The Shift 13’s 3-pound-14.4-ounce weight reflects its hybrid intent: It’s much lighter than traditional alpine bindings but outweighs most tech setups. For comparison, standard backcountry bindings like the G3 Ion 12 (2 lbs. 8.8 oz.) and Salomon’s own MTN Pure (1 lb. 4.8 oz. without brakes and 1 lb. 11.5 oz. with them) undercut the Shift considerably. Closer competitors like the Marker Kingpin 13 (3 lbs. 2.4 oz.) and Fritschi Tecton 13 (2 lbs. 6 oz. without brakes) also weigh less and are equipped with an alpine heel, but they lack the overall security and power of the two-mode toe piece on the Salomon. Marker’s Duke PT 12 features a similar alpine/tech toe design and alpine heel that’s a great match for mixed resort and backcountry use, although, with the alpine toe attached, it comes in more than a pound heavier at 5 pounds 1.1 ounces per pair.
All things considered, the Shift’s weight is perfectly reasonable given its construction, but it’s not a great fit for everyone. Dedicated backcountry-goers who like to travel light and fast or ski mountaineers focused on rapid ascents will be better off with a model like the aforementioned Salomon MTN or a true minimalist design like the Dynafit TLT Expedition (13.7 oz.). However, for skiers that put a premium on downhill performance—both in the backcountry and at the resort—the Shift offers a notable boost in security and is worth the weight penalty, in my opinion.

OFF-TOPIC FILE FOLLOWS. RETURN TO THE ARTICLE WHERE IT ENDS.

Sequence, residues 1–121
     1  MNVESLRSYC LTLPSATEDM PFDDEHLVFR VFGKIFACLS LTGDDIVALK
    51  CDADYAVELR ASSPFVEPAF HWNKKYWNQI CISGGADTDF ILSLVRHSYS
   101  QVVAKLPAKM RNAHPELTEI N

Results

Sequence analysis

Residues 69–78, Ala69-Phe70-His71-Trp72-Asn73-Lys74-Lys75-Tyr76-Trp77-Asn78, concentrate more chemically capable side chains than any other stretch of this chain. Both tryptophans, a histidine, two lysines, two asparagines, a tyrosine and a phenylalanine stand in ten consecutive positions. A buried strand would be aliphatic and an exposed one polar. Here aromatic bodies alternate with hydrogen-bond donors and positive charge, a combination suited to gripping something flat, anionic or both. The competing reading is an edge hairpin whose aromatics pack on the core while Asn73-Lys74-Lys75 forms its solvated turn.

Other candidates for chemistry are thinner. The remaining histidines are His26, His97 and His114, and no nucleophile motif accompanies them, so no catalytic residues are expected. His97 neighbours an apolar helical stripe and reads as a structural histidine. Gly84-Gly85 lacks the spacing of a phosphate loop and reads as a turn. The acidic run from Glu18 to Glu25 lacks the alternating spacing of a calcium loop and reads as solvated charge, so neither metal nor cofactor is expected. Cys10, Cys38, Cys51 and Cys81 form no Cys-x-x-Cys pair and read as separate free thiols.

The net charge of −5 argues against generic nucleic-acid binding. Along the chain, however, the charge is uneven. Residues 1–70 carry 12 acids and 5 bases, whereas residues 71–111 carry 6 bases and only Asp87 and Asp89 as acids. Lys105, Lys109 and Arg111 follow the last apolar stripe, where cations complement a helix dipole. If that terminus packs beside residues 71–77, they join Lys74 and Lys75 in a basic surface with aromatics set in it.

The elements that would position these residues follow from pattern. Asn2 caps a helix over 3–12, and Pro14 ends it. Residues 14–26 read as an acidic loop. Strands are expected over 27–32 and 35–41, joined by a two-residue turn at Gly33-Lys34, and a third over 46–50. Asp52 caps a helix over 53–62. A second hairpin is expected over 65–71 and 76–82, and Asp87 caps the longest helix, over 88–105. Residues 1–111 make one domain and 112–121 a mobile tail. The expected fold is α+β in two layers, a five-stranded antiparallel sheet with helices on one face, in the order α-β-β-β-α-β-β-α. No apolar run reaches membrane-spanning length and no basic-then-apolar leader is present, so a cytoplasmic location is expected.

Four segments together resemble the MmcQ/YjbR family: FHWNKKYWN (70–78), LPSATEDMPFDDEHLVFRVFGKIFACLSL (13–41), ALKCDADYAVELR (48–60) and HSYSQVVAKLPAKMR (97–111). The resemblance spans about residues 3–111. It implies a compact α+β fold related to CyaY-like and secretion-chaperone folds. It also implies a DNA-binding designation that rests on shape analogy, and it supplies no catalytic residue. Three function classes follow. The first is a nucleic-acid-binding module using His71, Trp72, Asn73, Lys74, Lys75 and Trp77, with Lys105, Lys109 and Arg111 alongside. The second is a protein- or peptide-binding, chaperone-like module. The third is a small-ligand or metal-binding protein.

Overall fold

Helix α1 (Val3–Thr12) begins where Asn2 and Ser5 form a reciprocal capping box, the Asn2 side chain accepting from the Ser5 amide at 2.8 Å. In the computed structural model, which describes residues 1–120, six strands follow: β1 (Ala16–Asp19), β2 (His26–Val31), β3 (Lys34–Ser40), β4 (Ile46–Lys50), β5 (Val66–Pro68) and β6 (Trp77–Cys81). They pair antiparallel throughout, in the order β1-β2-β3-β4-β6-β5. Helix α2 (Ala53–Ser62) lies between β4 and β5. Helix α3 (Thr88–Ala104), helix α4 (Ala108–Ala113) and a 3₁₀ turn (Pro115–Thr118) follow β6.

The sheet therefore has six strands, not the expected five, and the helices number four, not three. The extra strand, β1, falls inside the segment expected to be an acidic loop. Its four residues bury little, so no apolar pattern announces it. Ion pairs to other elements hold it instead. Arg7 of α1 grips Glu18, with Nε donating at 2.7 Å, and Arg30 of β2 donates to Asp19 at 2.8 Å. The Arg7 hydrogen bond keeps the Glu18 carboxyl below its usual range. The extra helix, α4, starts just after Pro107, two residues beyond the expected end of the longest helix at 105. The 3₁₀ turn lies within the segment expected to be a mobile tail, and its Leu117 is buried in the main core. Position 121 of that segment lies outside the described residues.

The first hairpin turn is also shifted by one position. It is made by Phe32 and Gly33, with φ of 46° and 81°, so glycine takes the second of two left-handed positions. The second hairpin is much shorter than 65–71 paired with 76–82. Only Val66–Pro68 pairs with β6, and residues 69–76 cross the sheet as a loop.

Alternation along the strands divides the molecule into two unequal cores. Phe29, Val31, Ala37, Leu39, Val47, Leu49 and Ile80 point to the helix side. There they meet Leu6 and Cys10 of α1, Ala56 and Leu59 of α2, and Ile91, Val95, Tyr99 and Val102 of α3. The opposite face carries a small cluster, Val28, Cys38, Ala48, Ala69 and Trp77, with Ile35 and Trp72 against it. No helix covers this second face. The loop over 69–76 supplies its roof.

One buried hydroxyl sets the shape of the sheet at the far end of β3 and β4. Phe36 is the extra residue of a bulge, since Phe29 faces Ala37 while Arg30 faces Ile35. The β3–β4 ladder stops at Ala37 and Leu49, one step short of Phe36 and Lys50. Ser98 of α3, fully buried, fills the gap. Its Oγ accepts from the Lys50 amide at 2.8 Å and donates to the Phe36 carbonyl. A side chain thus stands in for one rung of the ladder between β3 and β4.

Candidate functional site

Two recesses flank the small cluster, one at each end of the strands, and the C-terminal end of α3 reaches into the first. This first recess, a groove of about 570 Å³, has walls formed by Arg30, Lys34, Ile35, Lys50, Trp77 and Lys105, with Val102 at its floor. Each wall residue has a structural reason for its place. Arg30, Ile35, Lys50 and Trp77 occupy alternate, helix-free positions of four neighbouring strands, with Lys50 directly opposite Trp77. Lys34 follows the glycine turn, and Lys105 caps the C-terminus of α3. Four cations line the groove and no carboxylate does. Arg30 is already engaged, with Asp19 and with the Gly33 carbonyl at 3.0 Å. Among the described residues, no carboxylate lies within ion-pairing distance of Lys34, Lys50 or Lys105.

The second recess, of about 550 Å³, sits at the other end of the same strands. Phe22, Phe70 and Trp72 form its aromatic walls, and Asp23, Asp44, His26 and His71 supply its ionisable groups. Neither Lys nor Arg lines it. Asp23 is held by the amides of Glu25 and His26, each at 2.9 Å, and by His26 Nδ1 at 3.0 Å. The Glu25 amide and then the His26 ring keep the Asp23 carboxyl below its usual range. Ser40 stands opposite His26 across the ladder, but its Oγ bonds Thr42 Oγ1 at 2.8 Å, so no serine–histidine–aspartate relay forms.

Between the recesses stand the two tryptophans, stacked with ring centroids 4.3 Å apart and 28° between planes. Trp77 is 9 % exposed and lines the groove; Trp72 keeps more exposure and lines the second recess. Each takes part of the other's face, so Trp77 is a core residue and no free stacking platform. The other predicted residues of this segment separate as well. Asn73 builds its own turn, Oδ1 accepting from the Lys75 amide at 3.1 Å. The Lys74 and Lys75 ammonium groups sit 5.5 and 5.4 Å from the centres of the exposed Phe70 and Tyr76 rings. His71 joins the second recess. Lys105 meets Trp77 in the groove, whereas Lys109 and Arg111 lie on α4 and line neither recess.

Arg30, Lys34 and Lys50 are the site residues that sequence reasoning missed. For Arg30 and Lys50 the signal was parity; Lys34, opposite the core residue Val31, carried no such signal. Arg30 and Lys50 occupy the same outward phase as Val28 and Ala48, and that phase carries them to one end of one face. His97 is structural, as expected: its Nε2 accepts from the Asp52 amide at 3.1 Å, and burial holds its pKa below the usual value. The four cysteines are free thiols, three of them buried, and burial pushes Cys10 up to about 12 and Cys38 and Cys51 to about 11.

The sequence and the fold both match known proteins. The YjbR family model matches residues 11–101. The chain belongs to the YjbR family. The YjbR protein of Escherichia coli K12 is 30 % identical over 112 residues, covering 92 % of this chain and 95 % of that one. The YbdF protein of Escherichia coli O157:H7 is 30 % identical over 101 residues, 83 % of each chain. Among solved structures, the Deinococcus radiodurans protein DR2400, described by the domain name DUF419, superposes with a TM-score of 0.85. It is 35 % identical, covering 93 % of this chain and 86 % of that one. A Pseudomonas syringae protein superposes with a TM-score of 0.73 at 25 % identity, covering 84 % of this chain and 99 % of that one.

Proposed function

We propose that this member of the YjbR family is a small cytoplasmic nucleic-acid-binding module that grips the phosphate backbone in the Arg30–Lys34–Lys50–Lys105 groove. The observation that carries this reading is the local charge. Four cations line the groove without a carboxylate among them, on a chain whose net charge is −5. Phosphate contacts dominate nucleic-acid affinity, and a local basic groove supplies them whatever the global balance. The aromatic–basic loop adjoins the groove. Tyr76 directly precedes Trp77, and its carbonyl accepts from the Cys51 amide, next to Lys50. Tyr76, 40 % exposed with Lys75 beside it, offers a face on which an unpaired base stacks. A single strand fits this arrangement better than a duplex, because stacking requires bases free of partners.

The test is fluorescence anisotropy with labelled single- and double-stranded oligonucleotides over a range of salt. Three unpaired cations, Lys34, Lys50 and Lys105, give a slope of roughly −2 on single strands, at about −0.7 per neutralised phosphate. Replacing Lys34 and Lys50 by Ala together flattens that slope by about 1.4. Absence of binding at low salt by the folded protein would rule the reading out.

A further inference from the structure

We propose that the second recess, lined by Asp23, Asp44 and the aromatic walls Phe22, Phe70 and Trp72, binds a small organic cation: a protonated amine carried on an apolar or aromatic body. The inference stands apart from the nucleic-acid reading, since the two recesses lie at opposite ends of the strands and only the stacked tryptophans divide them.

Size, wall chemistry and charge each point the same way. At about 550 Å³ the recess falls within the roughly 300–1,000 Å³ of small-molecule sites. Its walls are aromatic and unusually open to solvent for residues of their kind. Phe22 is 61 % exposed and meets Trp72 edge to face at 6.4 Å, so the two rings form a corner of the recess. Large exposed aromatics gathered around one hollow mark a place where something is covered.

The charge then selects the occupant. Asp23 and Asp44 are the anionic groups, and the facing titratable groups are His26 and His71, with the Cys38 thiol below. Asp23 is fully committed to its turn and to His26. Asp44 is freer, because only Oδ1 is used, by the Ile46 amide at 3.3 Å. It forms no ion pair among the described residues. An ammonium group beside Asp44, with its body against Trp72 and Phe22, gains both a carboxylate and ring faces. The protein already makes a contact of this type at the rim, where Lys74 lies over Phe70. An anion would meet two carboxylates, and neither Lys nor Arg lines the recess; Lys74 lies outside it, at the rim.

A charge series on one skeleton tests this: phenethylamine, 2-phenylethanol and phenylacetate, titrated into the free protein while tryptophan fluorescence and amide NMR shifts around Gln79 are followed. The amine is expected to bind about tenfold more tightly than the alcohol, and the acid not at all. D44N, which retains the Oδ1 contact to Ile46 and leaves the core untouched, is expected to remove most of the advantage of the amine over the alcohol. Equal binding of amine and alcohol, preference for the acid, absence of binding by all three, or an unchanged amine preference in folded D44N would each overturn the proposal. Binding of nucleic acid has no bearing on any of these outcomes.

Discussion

Salomon is known for creating high-quality gear, and the Shift is no exception. After three and a half months of aggressive use, I’ve come away with mostly high praise. In terms of construction, the carbon-infused plastic body is reasonably light but noticeably hardwearing—this is one of few ski bindings that I haven’t broken. Further, I’ve experienced no early-release problems in either the heel or toe, and all springs and moving parts are working flawlessly with no signs of wear. As I covered above, the brake can occasionally pop open in climbing mode, but it’s a fairly rare occurrence and an easy fix (provided you catch it before snow starts to accumulate). All in all, there are often some kinks to work out with new technology—especially in alpine touring gear—but the Shift has impressed in this regard.
In addition to the MNC 13 model of the Shift that we tested for this review (DIN 6-13), Salomon also makes the binding in a $50-cheaper MNC 10 version with a DIN range of 4-10. We consider this a good alternative for lighter or less aggressive skiers who don’t need the all-out power and security of the beefier, 13-DIN variation. All other features remain the same, including the wide range of boot compatibility, alpine heel, and unique two-mode toe piece, although weight does go down slightly (the Shift MNC 10 clocks in at 3 lbs. 13.7 oz.). Finally, the Shift is also sold under the Armada and Atomic brand names (all three are part of the Amer Sports group), with the only difference being color.
- The Shift MNC does it all: the security and power of an alpine binding with the touring capability of a backcountry set-up.
- DIN release at both the toe and heel inspire confidence while skiing big lines and variable terrain.
- Extremely well built and impressively durable.
What We Don’t
- At almost 4 pounds per pair, the Shift is significantly heavier than traditional tech bindings.
- The locking brake lever has a tendency to accumulate snow, causing the brakes to occasionally engage in walk mode.
- Has only one heel riser (much of the competition has two), which is limiting for steep ascents.
|Salomon S/Lab Shift MNC 13||$600||Tech/alpine||6-13||3 lbs. 14.4 oz.||90, 100, 110, 120mm|
|Marker Duke PT 12||$600||Tech/alpine||4-12||5 lbs. 1.1 oz.||100, 125mm|
|Marker Kingpin 13||$700||Tech||6-13||3 lbs. 2.4 oz.||75-100, 100-125mm|
|Fritschi Tecton 13||$680||Tech||5-13||2 lbs. 6 oz.||90, 100, 110, 120mm|
|G3 Ion 12||$645||Tech||5-12||2 lbs. 8.8 oz.||85, 100, 115, 130mm|
|Marker Baron EPF 13||$500||Tech||4-13||6 lbs. 3.1 oz.||110mm|